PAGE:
Mario 64's Flowing Level Design
Super Mario 64 is one of the earliest 3D platformers. Since the game utilizes the third dimension, the levels are designed to be less linear than Mario’s 2D entries. Many of the larger levels have multiple goals such as winning a race, getting all the red coins, or defeating a boss. The game rewards the player with a star for completing these challenges. Once the player obtains 60 (of 120) stars, they can face off against Bowser. Recently, I was replaying Mario 64 to attempt to get all 120 stars, and I started playing the level Tiny-Huge Island. Every time Mario slides down a pipe in Tiny-Huge Island, he changes size to either tiny or huge. While I was playing, I noticed some particularly clever game design when I got the fourth, fifth, and sixth stars of Tiny-Huge Island.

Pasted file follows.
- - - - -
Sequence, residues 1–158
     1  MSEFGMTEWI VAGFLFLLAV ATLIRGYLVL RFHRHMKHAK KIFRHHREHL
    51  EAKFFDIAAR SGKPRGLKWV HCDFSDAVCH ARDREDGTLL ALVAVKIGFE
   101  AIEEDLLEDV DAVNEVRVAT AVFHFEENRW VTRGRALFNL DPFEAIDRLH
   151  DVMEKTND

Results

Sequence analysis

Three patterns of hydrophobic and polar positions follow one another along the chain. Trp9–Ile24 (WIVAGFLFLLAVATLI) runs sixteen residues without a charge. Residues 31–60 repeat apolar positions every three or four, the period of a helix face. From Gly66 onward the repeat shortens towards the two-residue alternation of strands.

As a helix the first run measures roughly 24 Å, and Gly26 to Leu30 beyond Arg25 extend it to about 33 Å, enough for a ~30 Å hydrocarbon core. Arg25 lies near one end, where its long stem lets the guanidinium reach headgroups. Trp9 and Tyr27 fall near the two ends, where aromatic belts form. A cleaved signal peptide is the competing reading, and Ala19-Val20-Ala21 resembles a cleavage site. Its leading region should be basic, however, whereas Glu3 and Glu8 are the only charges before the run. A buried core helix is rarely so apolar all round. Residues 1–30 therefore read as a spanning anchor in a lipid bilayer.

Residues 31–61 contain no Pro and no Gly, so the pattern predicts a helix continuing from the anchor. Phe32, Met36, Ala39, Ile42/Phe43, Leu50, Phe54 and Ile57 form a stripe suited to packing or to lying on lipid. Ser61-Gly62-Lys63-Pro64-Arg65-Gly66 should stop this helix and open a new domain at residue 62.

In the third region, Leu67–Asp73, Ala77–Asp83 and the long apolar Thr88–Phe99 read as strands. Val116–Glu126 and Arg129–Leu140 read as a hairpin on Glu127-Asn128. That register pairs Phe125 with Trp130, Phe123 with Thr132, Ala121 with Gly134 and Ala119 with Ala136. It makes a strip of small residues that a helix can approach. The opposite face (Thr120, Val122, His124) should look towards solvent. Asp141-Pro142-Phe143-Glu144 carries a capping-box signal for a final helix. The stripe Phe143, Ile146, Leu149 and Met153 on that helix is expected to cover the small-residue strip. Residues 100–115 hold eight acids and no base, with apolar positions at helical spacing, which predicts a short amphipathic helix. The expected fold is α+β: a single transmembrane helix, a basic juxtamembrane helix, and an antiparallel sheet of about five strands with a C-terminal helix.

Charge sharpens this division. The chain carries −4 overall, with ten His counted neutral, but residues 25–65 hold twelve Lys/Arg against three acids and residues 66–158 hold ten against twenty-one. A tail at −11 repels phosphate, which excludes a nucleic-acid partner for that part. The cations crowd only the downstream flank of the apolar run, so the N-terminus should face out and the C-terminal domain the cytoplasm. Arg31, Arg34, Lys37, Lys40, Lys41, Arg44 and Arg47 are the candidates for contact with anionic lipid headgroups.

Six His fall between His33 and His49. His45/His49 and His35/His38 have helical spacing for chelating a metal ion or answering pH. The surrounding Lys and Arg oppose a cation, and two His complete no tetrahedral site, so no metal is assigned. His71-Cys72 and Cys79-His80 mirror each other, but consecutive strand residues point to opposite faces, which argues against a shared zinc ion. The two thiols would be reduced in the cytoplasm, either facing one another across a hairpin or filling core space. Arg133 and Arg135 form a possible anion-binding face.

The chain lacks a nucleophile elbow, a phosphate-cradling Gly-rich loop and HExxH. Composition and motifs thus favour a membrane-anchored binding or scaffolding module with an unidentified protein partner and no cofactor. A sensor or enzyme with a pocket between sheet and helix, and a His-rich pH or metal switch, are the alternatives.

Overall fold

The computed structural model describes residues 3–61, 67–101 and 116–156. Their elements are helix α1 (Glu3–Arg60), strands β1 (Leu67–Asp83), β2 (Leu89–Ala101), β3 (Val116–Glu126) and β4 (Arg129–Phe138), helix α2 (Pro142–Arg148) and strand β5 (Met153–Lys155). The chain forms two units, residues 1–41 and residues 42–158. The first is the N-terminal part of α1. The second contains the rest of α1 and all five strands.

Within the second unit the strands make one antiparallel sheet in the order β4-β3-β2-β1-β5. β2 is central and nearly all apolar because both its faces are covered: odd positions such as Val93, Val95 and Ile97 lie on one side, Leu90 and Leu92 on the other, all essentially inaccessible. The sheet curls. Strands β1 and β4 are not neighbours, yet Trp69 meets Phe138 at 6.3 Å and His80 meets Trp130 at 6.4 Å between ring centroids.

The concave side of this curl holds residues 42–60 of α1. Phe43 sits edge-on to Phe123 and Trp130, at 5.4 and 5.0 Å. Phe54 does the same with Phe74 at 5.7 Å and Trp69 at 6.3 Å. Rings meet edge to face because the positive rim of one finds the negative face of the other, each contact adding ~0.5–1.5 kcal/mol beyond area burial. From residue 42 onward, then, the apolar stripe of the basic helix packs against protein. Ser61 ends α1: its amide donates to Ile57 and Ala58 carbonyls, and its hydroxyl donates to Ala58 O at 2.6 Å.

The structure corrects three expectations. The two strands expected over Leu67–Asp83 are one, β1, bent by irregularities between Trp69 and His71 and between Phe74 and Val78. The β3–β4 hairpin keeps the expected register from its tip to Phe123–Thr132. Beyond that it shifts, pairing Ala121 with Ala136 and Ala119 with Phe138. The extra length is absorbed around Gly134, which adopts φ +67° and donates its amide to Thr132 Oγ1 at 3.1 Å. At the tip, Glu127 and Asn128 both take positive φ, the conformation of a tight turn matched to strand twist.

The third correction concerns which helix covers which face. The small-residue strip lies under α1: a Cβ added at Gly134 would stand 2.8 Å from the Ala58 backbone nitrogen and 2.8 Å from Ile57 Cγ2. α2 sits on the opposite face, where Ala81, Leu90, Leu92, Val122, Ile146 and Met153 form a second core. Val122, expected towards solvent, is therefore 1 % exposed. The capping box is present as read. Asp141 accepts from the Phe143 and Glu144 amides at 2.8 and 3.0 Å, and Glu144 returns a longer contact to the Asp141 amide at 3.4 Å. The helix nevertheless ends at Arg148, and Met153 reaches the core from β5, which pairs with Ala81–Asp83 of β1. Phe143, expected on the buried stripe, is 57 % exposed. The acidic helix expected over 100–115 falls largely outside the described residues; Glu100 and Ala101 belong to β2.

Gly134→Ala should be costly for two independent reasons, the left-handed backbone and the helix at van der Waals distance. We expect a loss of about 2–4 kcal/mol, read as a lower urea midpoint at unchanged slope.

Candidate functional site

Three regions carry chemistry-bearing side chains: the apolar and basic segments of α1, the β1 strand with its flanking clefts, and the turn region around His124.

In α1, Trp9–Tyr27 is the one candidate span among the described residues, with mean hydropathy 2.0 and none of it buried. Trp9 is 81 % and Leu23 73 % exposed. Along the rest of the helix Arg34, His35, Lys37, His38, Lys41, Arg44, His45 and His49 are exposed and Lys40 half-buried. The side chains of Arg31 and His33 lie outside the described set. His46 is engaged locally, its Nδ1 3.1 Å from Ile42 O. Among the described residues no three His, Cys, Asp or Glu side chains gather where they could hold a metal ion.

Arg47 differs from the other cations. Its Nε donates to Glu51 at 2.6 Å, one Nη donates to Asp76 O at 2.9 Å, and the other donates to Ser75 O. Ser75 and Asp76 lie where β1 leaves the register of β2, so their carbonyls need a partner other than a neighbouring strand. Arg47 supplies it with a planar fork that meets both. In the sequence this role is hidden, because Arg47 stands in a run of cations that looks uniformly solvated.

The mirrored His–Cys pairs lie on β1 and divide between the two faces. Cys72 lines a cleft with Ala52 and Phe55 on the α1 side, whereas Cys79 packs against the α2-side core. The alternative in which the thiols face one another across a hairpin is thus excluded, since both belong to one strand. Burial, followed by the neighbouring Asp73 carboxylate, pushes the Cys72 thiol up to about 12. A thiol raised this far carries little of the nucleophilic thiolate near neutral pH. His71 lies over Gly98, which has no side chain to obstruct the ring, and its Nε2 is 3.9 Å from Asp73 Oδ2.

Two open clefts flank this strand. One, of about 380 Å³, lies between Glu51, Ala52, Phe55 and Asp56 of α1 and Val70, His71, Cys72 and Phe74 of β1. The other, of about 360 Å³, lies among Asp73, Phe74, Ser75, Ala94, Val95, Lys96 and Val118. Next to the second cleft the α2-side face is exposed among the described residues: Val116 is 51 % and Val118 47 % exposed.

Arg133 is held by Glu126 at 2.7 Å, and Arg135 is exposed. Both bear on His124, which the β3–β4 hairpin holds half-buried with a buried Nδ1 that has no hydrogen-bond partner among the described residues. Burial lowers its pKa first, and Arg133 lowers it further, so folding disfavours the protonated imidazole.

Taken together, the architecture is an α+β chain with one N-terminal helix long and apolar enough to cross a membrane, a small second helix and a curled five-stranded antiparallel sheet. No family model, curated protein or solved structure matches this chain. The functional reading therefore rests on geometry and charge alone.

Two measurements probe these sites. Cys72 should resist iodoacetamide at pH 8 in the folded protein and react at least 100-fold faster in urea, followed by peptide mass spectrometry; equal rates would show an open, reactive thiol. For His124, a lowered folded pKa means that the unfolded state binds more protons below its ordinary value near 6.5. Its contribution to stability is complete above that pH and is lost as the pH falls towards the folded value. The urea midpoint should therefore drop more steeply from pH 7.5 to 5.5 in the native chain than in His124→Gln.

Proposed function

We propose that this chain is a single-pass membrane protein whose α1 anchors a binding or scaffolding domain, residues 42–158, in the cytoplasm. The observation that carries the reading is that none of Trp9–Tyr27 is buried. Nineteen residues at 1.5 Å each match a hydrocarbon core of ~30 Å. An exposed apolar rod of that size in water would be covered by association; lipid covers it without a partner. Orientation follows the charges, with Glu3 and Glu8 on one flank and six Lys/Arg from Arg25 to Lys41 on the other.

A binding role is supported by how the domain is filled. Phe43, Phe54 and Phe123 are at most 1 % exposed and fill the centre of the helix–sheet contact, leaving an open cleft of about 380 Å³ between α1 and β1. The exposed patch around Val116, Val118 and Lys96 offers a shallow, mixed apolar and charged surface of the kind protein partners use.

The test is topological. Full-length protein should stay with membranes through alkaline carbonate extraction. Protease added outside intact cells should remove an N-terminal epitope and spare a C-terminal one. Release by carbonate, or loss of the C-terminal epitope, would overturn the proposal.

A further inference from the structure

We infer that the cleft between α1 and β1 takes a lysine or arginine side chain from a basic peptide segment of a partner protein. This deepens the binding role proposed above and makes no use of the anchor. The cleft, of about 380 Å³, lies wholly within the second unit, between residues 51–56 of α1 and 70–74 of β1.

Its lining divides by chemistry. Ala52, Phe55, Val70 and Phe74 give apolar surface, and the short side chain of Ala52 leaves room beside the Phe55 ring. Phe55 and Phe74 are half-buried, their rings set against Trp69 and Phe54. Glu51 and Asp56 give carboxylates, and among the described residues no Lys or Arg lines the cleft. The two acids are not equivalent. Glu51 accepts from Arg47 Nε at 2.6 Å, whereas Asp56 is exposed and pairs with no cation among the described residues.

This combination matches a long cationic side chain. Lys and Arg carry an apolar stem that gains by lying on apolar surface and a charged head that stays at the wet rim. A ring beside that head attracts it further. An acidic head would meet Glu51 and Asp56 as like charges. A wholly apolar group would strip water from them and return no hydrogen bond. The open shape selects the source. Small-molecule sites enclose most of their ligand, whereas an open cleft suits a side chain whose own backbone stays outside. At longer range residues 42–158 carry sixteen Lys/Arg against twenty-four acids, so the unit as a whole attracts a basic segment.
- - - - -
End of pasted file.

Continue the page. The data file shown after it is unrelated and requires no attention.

The Mediocre Dinosaur (Spoilers!)
The Good Dinosaur is a western-style film set in the prehistoric era. The film opens with an introduction to a family of long-necked Apatosauruses. The titular main character is Arlo, the easily-frightened runt of the family. Lovingly, Arlo’s father attempts to toughen Arlo up and tasks him with stopping whatever is stealing the family’s corn. Arlo successfully catches the human boy who is taking the corn, but he cannot bring himself to kill the cave-boy. Instead, Arlo releases the child. Berating Arlo for freeing the boy, Arlo’s father takes Arlo and sets out to recapture the child. Unfortunately, a flash flood occurs, and the raging waters drown Arlo’s father.
The Brilliance of Mario's Size and Shape
The Super Mario series is amazing—every game is a best-seller and a classic. Each entry, even the original Super Mario Bros., is still fun today. Much of Mario’s timelessness can be attributed to good design, especially the design of Mario himself.